I've got to say that I am a female, long-time nurse, who has no concerns about male physicians or nurses for most anything, but a mammogram is so personal/intimate, with such an unusually high degree of exposure/manipulation, that (even) I would be uncomfortable with a male tech and would request a female. I agree that it is technically, legally employment discrimination to refuse to hire male mammography techs, but I also think that any male who is hired should be prepared to spend a lot of time at work sitting on his hands and twiddling his thumbs, because lots (nearly all?) of the clients are going to request female techs, and the facility has an obligation to try to accommodate that request (or, alternatively, the facility is going to lose a lot of business, which the administration will be v. unhappy about).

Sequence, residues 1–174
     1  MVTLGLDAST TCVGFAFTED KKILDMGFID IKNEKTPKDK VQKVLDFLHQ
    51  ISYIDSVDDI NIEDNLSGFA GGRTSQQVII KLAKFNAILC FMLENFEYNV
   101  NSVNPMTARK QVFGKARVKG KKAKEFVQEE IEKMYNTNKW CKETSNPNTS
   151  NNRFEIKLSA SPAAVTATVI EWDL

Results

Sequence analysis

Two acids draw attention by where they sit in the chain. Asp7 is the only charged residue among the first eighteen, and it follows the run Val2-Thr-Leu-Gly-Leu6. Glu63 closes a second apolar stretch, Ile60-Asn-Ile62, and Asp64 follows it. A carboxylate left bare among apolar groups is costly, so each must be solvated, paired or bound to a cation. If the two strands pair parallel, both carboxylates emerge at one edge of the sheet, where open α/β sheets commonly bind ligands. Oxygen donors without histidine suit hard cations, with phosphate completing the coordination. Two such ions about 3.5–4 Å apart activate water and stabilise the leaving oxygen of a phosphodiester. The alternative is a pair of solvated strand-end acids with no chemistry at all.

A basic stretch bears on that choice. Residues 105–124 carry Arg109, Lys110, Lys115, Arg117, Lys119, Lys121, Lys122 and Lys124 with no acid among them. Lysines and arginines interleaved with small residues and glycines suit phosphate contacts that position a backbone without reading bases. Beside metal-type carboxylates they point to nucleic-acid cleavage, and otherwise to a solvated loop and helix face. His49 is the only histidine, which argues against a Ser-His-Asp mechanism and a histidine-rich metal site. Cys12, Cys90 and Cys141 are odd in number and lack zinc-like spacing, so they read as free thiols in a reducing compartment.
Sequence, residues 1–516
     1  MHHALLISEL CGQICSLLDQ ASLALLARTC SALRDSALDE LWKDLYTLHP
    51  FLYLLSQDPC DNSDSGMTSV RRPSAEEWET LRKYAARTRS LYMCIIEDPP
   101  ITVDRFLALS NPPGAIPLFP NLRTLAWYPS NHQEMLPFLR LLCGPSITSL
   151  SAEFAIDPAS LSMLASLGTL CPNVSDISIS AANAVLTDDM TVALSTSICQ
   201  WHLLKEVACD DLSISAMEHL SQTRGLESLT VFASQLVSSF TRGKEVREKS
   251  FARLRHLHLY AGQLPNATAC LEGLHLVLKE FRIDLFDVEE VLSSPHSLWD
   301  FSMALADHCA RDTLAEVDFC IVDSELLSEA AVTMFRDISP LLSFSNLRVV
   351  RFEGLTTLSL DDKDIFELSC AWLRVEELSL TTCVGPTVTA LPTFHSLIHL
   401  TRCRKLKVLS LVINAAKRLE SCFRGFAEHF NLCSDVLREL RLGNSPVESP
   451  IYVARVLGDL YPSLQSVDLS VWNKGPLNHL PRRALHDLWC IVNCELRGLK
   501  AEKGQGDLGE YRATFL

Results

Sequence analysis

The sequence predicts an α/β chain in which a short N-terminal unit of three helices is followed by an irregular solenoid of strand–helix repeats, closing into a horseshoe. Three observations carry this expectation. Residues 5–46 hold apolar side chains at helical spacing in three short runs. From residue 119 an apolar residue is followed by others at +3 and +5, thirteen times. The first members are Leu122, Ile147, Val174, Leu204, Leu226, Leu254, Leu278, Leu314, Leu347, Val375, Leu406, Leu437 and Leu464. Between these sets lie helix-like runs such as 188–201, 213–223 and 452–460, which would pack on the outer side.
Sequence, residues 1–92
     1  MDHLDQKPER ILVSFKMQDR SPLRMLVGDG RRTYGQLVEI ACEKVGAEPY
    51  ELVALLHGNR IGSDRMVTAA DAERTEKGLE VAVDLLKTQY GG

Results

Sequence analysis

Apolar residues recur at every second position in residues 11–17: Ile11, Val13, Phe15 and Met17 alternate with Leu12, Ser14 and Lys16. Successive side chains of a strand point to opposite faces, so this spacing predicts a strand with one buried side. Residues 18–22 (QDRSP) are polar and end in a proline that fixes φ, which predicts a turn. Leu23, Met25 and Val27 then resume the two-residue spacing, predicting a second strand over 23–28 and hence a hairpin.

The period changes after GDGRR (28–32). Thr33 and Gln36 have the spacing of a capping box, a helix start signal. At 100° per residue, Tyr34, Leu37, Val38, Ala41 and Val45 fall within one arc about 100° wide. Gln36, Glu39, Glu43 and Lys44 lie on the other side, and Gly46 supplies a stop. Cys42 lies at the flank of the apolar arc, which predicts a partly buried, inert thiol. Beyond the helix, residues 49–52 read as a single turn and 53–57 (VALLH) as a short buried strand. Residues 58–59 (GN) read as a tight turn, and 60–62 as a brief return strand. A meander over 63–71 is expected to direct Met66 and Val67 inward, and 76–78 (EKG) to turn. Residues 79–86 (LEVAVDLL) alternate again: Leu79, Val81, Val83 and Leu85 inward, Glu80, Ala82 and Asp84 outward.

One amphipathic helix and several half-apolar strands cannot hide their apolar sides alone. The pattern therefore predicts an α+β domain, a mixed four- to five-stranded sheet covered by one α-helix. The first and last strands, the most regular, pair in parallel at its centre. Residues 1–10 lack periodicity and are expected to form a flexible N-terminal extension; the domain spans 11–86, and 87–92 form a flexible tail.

What if you showed up for your mammogram and there were no female techs, only male. When you voiced your concern about wanting a female tech the male tech said" suck it up, you have nothing I haven't seen before." Now you know what it is like to be a male patient,and with 95 percent all nurses female, this is the double standard discrimination mentality.
    Last edit by Esme12 on Nov 13, '12
  7. by   elkpark
    Quote from Sacred eagle
    What if you showed up for your mammogram and there were no female techs, only male. When you voiced your concern about wanting a female tech the male tech said" suck it up, you have nothing I haven't seen before." Now you know what it is like to be a male patient,and with 95 percent all nurses female, this is the double standard discrimination mentality. O.